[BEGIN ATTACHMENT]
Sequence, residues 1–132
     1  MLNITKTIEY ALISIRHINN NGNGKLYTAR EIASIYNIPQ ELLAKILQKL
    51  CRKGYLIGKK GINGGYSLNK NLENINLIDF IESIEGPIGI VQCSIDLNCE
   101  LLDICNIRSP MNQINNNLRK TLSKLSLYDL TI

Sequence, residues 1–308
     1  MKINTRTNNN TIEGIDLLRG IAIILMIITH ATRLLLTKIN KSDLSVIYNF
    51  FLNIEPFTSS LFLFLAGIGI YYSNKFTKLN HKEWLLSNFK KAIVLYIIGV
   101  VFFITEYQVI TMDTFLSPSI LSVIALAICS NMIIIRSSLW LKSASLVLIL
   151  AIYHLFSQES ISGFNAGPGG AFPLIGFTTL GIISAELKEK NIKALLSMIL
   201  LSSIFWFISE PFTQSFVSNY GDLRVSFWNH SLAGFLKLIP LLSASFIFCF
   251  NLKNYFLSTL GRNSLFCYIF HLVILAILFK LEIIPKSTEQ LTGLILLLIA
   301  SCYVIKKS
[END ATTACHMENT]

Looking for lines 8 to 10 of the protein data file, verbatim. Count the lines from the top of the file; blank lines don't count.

   101  VFFITEYQVI TMDTFLSPSI LSVIALAICS NMIIIRSSLW LKSASLVLIL
   151  AIYHLFSQES ISGFNAGPGG AFPLIGFTTL GIISAELKEK NIKALLSMIL
   201  LSSIFWFISE PFTQSFVSNY GDLRVSFWNH SLAGFLKLIP LLSASFIFCF